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When anchovies are sautéed in oil over heat they not only release their natural oils, they also melt apart and distribute beautifully, and with no bones to get stuck in your throat or teeth. Even low-quality ones add an umami flavor that’s hard to find from other sources, and you’ll get none of the fishiness people are so worried about. I once heard Bobby Flay say that you should just sneak them into people’s food, and normally I’d be ok with that, but in this case you should know and not worry about it. Follow the recipe and you’ll be extremely pleased.
Place your oil in a large saucepan over medium heat. Once the oil is beginning to shimmer, add the anchovies and stir until the fish had broken up and is beginning to brown, about three minutes.
Add the onion and garlic to the pan. Stir everything together and cook until soft and beginning to turn translucent, around 7 minutes.
Add the red pepper flakes, olives, capers, and lemon zest to the pan, and stir to mix. Next, add in the chopped tomatoes and give everything a stir to make sure it’s nicely distributed. Your sauce will look a bit watery, and so next you’ll reduce the heat to medium-low and cook for around 15 minutes, stirring occasionally to prevent sticking. The ultimate goal here is a sauce that is thick but not dry.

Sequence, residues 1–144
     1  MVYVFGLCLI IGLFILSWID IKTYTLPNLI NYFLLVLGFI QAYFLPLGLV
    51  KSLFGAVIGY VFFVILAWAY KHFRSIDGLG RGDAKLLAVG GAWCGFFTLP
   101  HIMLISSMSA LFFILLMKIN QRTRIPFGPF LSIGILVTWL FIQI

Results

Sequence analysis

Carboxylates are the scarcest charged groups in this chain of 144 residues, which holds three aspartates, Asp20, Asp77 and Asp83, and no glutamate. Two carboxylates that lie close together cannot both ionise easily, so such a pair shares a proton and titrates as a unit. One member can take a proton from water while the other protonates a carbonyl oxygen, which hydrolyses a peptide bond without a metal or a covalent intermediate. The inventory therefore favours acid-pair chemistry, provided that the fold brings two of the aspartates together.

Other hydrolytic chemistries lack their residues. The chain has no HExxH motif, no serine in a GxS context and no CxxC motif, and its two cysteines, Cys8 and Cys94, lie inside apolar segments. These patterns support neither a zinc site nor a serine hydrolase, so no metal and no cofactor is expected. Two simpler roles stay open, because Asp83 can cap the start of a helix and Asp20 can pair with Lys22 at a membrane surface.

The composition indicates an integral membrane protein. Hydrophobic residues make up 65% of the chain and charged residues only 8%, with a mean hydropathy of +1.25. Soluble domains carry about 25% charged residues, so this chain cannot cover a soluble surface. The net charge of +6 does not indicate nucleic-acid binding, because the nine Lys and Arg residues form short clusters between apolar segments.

Once your sauce has finished cooking remove from heat and stir in the parsley. Plate your spaghetti squash into a nice pile or nest and spoon your puttanesca sauce on top of it. Serve immediately.
Here’s how to make this delicious recipe
In a large saucepan heat olive oil over medium heat. Add the anchovies and stir until the fish has broken up and is beginning to brown, about 3 minutes.
Stir the anchovies until they have broken up
Add the onion and garlic to the pan. Stirring constantly, cook until soft and beginning to turn translucent, about 7 minutes.
Add the red pepper flakes, olives, capers, and lemon zest to the pan and stir to mix. Add the chopped tomatoes. Cook over medium-low heat for 15 minutes, stirring occasionally to prevent sticking.
Remove saucepan from heat and stir in chopped parsley. Plate spaghetti squash and top with finished sauce. Serve immediately.
- 2 tbsp olive oil
- One 2 ounce can anchovy filets packed in oils
- 1 medium onion chopped
- 12 garlic cloves chopped
- 1 tsp red pepper flakes
- 1/2 cup pitted and chopped cured olives
- 1/2 cup pitted and chopped mixed olives
- 2 tbsp drained capers
- Grated zest of 1 lemon
- One 26- or 28-oz container/can chopped tomatoes
- 3/4 cup chopped parsley
- Cooked flesh of one 6-pound spaghetti squash
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Who’s Cooking Today
Jacob Dean is a freelance food and travel writer, recipe tester, and culinary product reviewer based in Washington, D.C. He is a regular contributor to The Cook’s Cook Magazine, DCist, Industree, has freelanced as a recipe tester for the New York Times, and has been published by the Washington Post. Jacob has tried over twelve hundred unique beers (he keeps count).
You can find him online at jacobdeanwrites.com, on Twitter as @SchadenJake, and on Facebook as Jacob Dean Writes.